Research and development funding for Canadian higher education ticked higher in 2020-21, Statistics Canada says, while some graduate researchers are still paid at rates below the poverty line. Photo by Artem Podrez / Pexels

A burst of federal funding for research and development at Canada’s post-secondary institutions helped power a slight overall increase in the country’s R&D spending in 2020-21, but it could have been a short-term blip that was anyway swallowed by inflation.

Spending on research in higher education edged up to $15.9 billion in 2020-21, a 0.5 per cent increase on the prior year, Statistics Canada said on Friday, noting that was the 11th consecutive annual rise.

Federal funding was up 9.9 per cent at $4.2 billion and higher education institutions increased their own funding by 1.4 per cent, to $7.9 billion.

The jump in overall funding from Ottawa comes amid an ongoing push from the scientific community to improve the pay rates of graduate student trainees and postdoctoral scientists, some of which have been stagnant for almost 20 years and now sit below the poverty level.

Much of the 2020-21 increase may have been due to since-discontinued COVID-19 funding, said Marc Johnson, a biology professor at the University of Toronto’s Mississauga campus and a research chair in urban environmental science.

Johnson, a leading voice in the Support Our Science group pushing for better pay and more research jobs, also noted the increase was far below the rate of inflation for the same time period, equal to a real cut in research funding.

Sarah Laframboise and Andrea Wishart, PhD students who are also involved with Support Our Science, said science funding as a percentage of overall spending has declined in the two federal budgets since.

Research conducted in Canada’s post-secondary schools is a key ingredient in innovative efforts to combat climate change and develop clean technologies, prevent future pandemics, cure diseases and reduce plastic pollution, among other goals.

While money mostly went to natural sciences and engineering fields of research, that funding flow was down 0.4 per cent at $11.9 billion, mostly due to lower contributions from provincial governments and business enterprises.

R&D spending in the social sciences field of research was $123.1 million higher at $4 billion, backed by the feds and universities themselves.

Science policy experts say better funding opportunities in the United States mean top students often head there, taking potential scientific advances and the resulting economic benefits with them.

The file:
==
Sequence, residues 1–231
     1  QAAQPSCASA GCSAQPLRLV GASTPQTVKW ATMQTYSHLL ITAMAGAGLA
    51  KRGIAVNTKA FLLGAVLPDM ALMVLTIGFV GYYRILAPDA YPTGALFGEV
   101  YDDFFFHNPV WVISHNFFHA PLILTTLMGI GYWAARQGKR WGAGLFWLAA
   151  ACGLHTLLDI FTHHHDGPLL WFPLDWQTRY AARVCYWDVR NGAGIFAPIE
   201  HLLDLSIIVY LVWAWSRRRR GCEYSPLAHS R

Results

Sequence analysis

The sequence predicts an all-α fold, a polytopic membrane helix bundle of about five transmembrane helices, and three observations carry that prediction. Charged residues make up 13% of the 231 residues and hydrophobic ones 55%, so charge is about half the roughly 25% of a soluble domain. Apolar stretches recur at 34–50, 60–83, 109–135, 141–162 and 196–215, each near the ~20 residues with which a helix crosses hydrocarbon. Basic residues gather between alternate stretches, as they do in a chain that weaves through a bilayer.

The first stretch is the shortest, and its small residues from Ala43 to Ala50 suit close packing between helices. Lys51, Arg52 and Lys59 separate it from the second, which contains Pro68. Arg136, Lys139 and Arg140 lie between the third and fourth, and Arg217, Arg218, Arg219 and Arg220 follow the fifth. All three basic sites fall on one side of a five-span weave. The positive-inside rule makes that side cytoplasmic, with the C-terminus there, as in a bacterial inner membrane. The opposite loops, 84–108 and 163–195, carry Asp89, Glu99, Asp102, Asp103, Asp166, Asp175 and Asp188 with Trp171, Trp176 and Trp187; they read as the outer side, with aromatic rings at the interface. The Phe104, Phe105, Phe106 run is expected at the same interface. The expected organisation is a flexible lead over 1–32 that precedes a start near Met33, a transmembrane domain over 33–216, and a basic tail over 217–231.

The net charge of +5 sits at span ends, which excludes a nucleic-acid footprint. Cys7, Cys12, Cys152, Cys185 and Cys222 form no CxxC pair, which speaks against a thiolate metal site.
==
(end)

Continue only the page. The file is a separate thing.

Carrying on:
A parliamentary committee earlier this year recommended Canada increase the amounts of money offered via scholarships and fellowships by 25 per cent, tie future increases to the inflation rate and expand the number on offer.

The StatCan report, however, said Canada has consistently ranked as the G7 country with the highest portion of its nominal GDP directed towards post-secondary R&D spending.

It said Canada ranked fourth overall among Organization for Economic Co-operation and Development countries for R&D spending in 2020-21, behind Denmark, Sweden and Norway.

Johnson from Support Our Science disagreed with that assessment, placing Canada near the bottom of both the G7 and OECD in terms of how much of its gross domestic product is invested in R&D.

In its 2022 budget, the federal government offered wide-ranging funding for various science and innovation initiatives but did not significantly increase funding for federal granting agencies or target investments toward the humanities or the social sciences, according to an assessment from Evidence for Democracy.

Those commitments included $1 billion over five years to create a federal innovation and investment agency, $1 billion over six years (starting in 2024-25) for a strategic innovation fund for critical minerals projects and $750 million over six years to further develop five existing innovation clusters.

By Morgan Sharp, Local Journalism Initiative Reporter

Original Published on Dec 12, 2022 at 18:00

This item reprinted with permission from   Canada's National Observer   Ottawa, Ontario

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